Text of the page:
The balance of payments will also likely come under pressure, as India faces a shock on the current and capital accounts. Our estimates suggest the current account deficit will rise to above 3% of GDP in FY23, versus net FDI inflows of half that amount. The basic balance of payments is set to be deeply negative, leading to currency depreciation pressures.
Rising policy trade-offs
Such an external supply-side shock ideally requires fiscal policy to step in via tax cuts or subsidies, but policymakers will have to navigate various economic trade-offs. Pressure on fiscal finances is already likely from a much higher fertilizer subsidy bill in FY23, so a reduction in the excise tax on fuels means choosing between reducing capex or allowing fiscal deficit slippage. The RBI also faces a trade-off between higher inflation and slower growth. Continued high inflation tolerance amid a gradual drift higher in inflation expectations risks hurting the RBI’s inflation fighting credibility and financial repression of savers. Thankfully, the external sector trade-offs are easier to manage. The large buffer of foreign exchange reserves means the RBI can intervene and sell dollars, if necessary. This will smooth exchange rate movements, while also draining durable liquidity.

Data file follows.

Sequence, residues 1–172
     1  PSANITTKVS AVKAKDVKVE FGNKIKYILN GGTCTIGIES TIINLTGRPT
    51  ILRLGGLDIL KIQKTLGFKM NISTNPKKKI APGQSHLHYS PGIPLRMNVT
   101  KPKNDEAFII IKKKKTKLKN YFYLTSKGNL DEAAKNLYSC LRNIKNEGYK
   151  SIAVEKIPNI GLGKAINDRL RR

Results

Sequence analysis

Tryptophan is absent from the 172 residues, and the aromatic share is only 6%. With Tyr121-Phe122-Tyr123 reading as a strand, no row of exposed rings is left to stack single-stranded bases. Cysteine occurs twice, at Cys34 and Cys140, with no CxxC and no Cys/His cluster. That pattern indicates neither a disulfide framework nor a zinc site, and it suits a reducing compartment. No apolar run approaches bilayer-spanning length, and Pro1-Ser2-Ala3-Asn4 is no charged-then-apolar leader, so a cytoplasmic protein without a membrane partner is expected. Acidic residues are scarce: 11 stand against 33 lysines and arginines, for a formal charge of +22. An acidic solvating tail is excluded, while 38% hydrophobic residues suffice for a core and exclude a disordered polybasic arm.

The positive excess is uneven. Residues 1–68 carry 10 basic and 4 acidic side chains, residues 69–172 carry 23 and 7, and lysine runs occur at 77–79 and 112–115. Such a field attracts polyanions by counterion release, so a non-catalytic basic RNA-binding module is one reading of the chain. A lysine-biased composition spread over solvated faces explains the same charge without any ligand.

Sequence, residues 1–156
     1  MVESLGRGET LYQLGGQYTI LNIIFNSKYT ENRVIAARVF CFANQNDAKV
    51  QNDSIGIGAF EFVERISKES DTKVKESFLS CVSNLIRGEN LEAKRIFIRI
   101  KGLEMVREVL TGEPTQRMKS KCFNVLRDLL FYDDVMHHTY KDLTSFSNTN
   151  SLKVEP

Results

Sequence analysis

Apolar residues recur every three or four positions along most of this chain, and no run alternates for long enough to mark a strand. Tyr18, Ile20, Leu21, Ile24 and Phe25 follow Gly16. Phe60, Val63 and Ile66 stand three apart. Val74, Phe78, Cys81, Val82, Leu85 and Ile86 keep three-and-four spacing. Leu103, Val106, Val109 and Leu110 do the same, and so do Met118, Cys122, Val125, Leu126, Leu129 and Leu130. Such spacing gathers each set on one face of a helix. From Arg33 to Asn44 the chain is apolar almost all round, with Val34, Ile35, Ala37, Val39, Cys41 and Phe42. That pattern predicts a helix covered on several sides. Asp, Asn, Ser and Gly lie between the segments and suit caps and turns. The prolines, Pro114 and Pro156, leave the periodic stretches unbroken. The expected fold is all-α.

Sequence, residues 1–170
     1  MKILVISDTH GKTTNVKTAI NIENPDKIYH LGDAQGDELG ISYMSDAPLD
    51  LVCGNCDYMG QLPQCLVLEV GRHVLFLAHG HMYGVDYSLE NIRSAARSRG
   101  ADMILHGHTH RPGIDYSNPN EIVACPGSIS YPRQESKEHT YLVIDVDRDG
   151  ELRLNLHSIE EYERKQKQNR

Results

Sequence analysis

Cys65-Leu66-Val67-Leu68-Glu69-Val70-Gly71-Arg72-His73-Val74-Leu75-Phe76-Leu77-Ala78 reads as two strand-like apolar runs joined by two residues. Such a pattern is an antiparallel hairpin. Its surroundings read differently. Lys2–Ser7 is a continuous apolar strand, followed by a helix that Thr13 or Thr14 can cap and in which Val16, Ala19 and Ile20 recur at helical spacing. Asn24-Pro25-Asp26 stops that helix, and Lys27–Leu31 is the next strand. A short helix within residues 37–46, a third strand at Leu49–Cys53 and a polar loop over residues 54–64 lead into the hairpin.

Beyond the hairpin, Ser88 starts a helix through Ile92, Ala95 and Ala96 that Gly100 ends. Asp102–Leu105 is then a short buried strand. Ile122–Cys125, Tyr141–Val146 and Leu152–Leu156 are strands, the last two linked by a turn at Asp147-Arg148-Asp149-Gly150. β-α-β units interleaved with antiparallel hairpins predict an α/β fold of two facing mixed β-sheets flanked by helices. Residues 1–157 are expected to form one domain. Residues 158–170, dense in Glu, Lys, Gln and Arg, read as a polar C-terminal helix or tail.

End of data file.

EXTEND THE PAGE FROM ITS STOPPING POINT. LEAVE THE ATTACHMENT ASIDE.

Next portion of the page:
Optimal policy response
Ultimately, the burden of these shocks will have to be shared between consumer/producer and between fiscal/monetary policies.